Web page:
15. David Kowalski permalink
    May 15, 2013

    It has become hard to buy things made in the first world. Especially if a lot of the clothes items you buy are from on line merchants.

    Nearly all my clothes bought up through the 1990′s was made in first world countries., mostly the U.S. but also Italy, Canada, and the UK. Today, nearly everything is made in some third world country despite having well known US and European brand names.

    Levis are made in Mexico. Nike (US company) , Adididas (German), Salomon(French) are all made in the third world. I can’t tell from the dress shoes where they were made (not a good sign and the current shoes are made in Brazil and Mexico). Even expensive brands like Tommy Bahama are made in China. LL Bean makes stuff in a variety of third world sites. I have flannel shirts from El Salvador, turtle necks from China, and knit shirts from Peru. The catalog identifies a small number of items made in the USA but doesn’t list the site of manufacture for most goods.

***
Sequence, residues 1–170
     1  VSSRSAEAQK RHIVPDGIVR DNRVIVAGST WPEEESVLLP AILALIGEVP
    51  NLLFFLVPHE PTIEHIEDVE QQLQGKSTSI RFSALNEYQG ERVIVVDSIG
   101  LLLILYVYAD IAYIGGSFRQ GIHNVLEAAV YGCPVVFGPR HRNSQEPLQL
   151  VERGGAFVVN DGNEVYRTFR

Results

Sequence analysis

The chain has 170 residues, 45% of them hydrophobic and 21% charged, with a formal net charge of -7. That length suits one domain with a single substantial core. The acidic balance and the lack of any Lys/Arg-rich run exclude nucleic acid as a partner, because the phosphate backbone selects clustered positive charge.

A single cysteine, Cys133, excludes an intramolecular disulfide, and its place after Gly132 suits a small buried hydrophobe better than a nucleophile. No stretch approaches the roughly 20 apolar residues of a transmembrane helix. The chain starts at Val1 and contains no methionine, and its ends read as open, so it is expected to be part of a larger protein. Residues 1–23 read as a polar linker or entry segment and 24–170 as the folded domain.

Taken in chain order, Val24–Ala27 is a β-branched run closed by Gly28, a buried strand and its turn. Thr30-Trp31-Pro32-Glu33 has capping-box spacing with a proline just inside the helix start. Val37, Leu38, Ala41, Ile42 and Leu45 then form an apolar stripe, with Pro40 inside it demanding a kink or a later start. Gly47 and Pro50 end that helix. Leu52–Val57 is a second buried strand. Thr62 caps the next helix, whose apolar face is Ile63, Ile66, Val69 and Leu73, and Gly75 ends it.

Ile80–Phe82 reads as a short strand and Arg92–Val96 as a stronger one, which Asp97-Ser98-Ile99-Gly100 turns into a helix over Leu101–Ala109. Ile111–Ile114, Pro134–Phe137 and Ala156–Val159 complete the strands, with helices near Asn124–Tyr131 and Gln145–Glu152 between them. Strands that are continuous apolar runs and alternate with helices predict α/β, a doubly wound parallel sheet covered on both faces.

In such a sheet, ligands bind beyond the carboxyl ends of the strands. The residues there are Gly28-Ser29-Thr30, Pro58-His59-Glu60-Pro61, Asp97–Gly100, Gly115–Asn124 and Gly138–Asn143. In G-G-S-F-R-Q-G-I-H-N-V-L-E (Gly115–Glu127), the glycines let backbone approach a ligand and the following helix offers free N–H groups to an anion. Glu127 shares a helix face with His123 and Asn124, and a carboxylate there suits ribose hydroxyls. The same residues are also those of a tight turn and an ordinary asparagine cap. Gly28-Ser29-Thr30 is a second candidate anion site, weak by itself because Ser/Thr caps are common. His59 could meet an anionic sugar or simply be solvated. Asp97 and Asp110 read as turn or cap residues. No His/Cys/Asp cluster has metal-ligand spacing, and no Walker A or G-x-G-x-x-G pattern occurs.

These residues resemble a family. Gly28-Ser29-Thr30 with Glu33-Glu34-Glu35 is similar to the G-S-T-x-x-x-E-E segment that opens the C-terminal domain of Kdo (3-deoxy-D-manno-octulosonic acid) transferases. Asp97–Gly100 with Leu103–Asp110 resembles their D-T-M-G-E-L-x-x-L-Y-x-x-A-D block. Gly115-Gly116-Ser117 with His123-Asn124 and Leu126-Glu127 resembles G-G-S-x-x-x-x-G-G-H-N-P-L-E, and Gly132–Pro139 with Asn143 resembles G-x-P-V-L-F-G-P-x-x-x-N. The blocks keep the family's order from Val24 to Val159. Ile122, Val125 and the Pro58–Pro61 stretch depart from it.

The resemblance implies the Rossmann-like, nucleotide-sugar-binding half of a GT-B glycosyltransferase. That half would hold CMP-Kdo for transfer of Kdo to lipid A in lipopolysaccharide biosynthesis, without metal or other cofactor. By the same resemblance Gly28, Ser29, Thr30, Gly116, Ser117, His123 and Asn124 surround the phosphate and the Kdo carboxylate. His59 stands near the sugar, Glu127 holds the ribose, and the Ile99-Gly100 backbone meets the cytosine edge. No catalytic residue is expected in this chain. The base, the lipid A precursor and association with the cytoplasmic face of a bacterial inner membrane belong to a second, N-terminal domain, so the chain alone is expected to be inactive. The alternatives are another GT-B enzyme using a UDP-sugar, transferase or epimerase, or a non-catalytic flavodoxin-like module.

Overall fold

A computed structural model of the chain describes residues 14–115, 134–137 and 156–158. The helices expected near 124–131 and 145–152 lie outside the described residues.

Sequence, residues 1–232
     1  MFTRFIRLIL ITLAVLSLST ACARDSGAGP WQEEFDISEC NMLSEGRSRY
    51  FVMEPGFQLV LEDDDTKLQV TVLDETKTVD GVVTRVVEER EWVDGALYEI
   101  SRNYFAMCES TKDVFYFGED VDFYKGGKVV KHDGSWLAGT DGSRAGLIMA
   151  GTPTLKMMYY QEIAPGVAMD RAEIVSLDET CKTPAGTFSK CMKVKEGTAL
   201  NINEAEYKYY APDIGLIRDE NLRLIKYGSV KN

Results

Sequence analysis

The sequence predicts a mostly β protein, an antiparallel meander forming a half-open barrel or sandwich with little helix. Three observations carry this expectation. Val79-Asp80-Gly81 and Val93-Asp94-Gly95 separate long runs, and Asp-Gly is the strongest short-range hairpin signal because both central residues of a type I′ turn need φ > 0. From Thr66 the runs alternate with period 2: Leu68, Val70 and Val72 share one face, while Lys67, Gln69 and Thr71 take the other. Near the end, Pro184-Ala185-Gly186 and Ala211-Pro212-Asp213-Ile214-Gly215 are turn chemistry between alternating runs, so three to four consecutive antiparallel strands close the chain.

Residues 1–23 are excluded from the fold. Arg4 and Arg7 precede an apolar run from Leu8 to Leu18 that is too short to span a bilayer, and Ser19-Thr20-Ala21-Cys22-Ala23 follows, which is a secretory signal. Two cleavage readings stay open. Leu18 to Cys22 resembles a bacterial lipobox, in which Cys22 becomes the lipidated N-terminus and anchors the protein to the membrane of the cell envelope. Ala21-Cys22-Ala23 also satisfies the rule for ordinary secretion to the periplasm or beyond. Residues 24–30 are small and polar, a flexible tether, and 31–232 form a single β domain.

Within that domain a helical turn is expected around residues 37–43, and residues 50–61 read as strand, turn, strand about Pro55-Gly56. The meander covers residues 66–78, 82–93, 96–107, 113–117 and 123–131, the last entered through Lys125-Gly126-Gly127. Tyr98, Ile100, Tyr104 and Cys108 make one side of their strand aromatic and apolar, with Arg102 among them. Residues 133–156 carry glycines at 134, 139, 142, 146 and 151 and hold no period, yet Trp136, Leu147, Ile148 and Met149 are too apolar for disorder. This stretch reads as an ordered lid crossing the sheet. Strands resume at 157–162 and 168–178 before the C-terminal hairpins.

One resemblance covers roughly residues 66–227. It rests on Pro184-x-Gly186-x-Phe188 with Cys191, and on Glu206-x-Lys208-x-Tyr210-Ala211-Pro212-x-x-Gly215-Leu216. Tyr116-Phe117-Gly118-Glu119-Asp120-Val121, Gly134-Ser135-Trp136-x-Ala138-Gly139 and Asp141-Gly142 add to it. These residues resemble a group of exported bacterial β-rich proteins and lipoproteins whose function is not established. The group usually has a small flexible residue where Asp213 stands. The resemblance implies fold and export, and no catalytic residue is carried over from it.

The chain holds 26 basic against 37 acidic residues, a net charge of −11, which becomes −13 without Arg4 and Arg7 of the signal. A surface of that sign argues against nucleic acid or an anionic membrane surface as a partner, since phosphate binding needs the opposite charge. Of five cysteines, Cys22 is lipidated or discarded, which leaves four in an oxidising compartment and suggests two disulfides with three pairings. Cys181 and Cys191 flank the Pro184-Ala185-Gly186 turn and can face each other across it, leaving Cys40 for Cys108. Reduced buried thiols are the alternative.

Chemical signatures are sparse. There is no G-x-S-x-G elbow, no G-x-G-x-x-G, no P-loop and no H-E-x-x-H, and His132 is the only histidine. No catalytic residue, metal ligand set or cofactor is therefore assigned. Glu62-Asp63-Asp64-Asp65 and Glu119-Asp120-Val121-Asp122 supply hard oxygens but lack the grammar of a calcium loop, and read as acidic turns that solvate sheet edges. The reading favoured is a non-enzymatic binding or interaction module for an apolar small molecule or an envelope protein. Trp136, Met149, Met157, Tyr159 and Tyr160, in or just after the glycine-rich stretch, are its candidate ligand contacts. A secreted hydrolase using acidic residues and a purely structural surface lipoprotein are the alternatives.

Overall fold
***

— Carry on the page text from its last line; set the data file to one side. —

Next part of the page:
Just ten or fifteen years ago the way to buy first world goods was to purchase from small, independent local stores. They generally stocked goods made in the US, Canada or Europe and it was clear where the items were made. Try finding these little men’s stores these days or the old line brands they used to stock.

    I know several people who were in the industry and tried to make a living with first world goods. None of them made it. One was a private label manufacturer. he moved from Chicago to Georgia and finally Italy. All good quality and all first world. Finally he was pressured by his major customer, Nordstrom’s, to move manufacturing to China. Nordstrom already had a 100% markup on his products. The Chinese squeezed him out and dealt direct with Nordstrom. He’s out of the clothing business. Another worked for a well known manufactuer. A third owned one of the small men’s stores. The other stories are similar and everybody is out of the clothing business.

    Simply requiring a clear statement of where the product is made even on line would be an improvement. Having a “fair trade” movement similar to coffee would also help to differentiate which companies make at least minimal effdorts to police their manufacturing.

  16. May 15, 2013